Your Vinyl Transfer Workflow (sharing best needledrop practices)*

Discussion in 'Audio Hardware' started by Vocalpoint, May 11, 2011.

  1. Daicehawk

    Daicehawk Active Member

    Location:
    Russia
    D
    These are your problems, both clicks, crackles, pops, and noise overshadowing the music (means records in poor condition) and not being able to hear the difference between PCM and DSD.
     
  2. SamS

    SamS Forum Legend

    Location:
    Texas
    Hey guys, need some help! Using iZotope RX7 (but should be the same solution for any recent version)

    I edited my raw drop, but realized much later that I 'split' two tracks at the wrong point!

    So, how can I combine two FLACs into one track, in order to "re-split" them?
     
  3. Daicehawk

    Daicehawk Active Member

    Location:
    Russia
    Do not know about the Izotope workflow, but the concept is:
    1. Convert both FLACs to WAVs.
    2. Merge them to one file.
    3. Split the file where you need.
    4. Convert both files back to FLAC.
     
    SamS likes this.
  4. Grant

    Grant Back to the 60s!

    Location:
    United States
    Open the second half of the song/file. Do not close it.

    Open the first file. Copy it.

    Go back to the other file and paste the first file to it. Select all and save, maybe as a new file and give it a new name.

    Now, try splitting it again.
     
    SamS likes this.
  5. harby

    harby Forum Resident

    Location:
    Portland, OR, USA
    The problem with "paste" in audio editing software is that it will generally have an overlap and fade to avoid a click on edit points - it won't be bit-perfect.

    Instead, with the command-line SoX tool:

    sox --combine concatenate infile1.flac infile2.flac outfile.flac
     
  6. SamS

    SamS Forum Legend

    Location:
    Texas
    Perfect, that did it! Thank you. I guess I never learned about copy/paste within iZotope before :)

    Maybe you'll enjoy a sample of the track I fixed? The Roots "Ain't Sayin' Nothing New" from Things Fall Apart Deluxe Edition 3LP set:
    Dropbox - Ain't Sayin' Nothing New SAMPLE.mp3 - Simplify your life

    Also, I've changed my workflow for "new" vinyl. I really no longer like running the auto de-click on the entire side. Before I even normalize, I visually look at the waveform for pops that stick out above the music. Then I go in real deep and zap them each with interpolate. There's usually no more than 2-5 per side.

    Then I normalize and see if any more pop out audibly or visually. Then I run a light de-click on intros/outros/segues, then split. This helps to keep dynamics intact. Even running a de-click of 2 on many songs will take a lot of snap out of percussion, and it annoys me. Of course, if the record is trashed and/or a really bad press, it's a trade-off I live with. But I prefer to leave the faintest of ticks in place, as opposed to whacking the entire song with de-click. If I listen later and find 1 or 2 that really bugs me, I'll just go back later and fix.
     
  7. marcob1963

    marcob1963 Forum Resident

    He doesn't apply a high pass filter, I imagine that's why they may sound "muffled".
     
  8. Anton888

    Anton888 Forum Resident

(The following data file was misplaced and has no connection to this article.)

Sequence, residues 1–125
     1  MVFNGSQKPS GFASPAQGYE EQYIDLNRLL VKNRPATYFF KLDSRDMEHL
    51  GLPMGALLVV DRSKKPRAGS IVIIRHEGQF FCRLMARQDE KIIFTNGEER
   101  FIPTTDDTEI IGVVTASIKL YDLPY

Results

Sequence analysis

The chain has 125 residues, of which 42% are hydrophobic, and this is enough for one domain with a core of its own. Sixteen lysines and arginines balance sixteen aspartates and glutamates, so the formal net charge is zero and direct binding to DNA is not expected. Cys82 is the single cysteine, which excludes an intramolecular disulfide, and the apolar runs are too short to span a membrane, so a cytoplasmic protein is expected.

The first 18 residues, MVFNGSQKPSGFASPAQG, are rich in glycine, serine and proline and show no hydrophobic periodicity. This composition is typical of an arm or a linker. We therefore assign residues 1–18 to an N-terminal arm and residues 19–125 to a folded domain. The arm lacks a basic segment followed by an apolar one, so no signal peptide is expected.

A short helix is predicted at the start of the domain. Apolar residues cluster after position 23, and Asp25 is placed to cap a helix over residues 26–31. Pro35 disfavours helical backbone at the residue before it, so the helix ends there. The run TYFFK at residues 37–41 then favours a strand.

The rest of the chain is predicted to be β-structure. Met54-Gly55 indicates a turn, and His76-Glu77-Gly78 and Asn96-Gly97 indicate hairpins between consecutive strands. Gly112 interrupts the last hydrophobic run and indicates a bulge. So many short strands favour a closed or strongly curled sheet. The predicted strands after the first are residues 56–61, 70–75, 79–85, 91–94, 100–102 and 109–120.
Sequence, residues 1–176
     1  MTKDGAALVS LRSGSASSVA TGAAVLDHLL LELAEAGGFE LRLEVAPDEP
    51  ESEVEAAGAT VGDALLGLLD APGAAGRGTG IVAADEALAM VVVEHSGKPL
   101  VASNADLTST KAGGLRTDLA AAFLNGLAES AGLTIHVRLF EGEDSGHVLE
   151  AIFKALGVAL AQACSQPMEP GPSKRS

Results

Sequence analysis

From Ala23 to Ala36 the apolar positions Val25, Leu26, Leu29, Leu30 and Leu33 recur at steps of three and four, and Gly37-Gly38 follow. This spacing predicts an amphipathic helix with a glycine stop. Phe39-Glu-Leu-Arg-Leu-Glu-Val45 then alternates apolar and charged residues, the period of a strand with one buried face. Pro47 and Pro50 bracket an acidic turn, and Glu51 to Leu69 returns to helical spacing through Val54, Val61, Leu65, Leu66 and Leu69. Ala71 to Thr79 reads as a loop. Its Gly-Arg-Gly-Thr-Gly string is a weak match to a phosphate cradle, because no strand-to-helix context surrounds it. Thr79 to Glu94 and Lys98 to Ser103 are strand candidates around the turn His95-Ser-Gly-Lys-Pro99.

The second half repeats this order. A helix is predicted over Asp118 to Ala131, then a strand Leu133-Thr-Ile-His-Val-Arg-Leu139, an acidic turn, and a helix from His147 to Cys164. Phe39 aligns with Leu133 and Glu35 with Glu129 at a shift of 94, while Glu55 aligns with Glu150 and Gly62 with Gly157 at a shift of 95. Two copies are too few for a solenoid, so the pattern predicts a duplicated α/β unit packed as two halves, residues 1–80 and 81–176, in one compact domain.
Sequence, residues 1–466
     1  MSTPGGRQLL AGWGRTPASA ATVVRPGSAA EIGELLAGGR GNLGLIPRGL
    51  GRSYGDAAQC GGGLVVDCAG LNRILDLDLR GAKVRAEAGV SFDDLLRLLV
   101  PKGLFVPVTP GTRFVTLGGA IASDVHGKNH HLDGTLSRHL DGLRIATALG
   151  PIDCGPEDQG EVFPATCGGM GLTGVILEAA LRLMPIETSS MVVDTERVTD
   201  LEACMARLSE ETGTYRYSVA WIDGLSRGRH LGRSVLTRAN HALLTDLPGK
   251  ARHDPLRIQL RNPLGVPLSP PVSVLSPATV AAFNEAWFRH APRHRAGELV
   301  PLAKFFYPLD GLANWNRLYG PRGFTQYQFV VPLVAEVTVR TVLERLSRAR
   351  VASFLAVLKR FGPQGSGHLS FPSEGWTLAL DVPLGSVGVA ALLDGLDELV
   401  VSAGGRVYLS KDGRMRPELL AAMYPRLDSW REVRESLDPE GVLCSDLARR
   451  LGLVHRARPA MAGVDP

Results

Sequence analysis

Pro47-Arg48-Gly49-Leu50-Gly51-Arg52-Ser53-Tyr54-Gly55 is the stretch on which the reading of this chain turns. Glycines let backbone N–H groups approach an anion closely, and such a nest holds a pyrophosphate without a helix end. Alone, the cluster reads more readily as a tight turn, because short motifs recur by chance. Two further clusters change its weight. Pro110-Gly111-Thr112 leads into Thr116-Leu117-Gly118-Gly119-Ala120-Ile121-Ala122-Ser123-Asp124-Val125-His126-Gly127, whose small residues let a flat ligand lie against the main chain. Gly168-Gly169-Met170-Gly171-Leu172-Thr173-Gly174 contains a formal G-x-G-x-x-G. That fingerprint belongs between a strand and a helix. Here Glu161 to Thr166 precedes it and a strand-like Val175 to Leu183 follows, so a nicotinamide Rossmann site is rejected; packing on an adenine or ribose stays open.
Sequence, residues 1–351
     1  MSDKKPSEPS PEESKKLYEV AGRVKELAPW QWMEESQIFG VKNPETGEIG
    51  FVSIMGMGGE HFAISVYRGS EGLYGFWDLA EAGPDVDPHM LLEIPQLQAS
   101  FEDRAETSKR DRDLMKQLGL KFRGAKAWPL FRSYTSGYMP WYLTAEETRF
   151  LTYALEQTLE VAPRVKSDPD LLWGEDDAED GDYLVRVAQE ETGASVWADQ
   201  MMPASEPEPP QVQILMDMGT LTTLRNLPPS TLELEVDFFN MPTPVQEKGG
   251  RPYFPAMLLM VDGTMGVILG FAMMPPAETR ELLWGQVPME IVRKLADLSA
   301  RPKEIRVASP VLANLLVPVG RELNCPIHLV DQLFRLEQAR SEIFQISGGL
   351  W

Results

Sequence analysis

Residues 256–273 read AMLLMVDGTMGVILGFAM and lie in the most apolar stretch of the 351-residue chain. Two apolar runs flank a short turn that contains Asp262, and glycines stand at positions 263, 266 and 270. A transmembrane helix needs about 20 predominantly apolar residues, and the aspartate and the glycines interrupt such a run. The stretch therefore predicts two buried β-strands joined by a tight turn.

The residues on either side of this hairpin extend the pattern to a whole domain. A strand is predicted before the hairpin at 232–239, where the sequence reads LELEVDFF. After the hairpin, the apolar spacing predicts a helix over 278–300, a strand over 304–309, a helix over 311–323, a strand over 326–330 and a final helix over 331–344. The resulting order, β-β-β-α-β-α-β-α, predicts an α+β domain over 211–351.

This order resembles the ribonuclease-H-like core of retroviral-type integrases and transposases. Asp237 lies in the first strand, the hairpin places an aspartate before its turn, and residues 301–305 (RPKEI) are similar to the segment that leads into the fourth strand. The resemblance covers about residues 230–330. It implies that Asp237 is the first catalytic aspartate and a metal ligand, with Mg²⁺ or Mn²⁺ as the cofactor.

Yes, that would be interesting!
     
  9. Grant

    Grant Back to the 60s!

    Location:
    United States
    For Sam's purposes, it won't matter. It won't be audible.

    If you use Adobe Audition, you can change the settings for zero crossfade. You can also zoom in down to the sample, or close to it if you want, and edit it down to the point where there is no overlap. But, a bit of overlap is what you want for being seamless. At that extreme, you won't hear any difference.

    The obsession with bit-perfect in this case is silly, IMO.
     
  10. Grant

    Grant Back to the 60s!

    Location:
    United States
    I "grew up" using Audition, and that program makes these types of editing easy. That's why they used to call it "Cool Edit". I'm glad that iZotope adopted many of its features in that regard. I found that this type of scalpel-type editing doesn't work easily in programs like Sound Forge. The original Sonic Foundry and Sony Sound Forge allowed you to do this type of editing with numbers, but it was cumbersome. But, the nice thing is that SF lets you tweak the type of crossfade in great detail, which comes in handy for very tricky moves.

    Maybe you'll enjoy a sample of the track I fixed? The Roots "Ain't Sayin' Nothing New" from Things Fall Apart Deluxe Edition 3LP set:
    Dropbox - Ain't Sayin' Nothing New SAMPLE.mp3 - Simplify your life

    That works if you have very clean vinyl, or don't mind the occasional light click. I usually work with old, used, and clicky vinyl where even a good washing doesn't help much.

    You may be using heavy settings. Either way, I cannot tolerate even faint ticks. They have to go.
     
  11. Grant

    Grant Back to the 60s!

    Location:
    United States
    A high-pass filter would not dull the sound. It would slightly weaken the lows. Any muffled sound you may hear is more likely due to other parts of his chain, or even the pressings, but not because of any filtering. And, it has not been established that he uses any filtering. He will use NR.
     
  12. SamS

    SamS Forum Legend

    Location:
    Texas
    Seems bit-perfect to me, can you spot the overlap and/or gap? This "empty" spot is a quiet part in the song, where I accidentally split, then recombined.
    [​IMG]
     
    Grant likes this.
  13. harby

    harby Forum Resident

    Location:
    Portland, OR, USA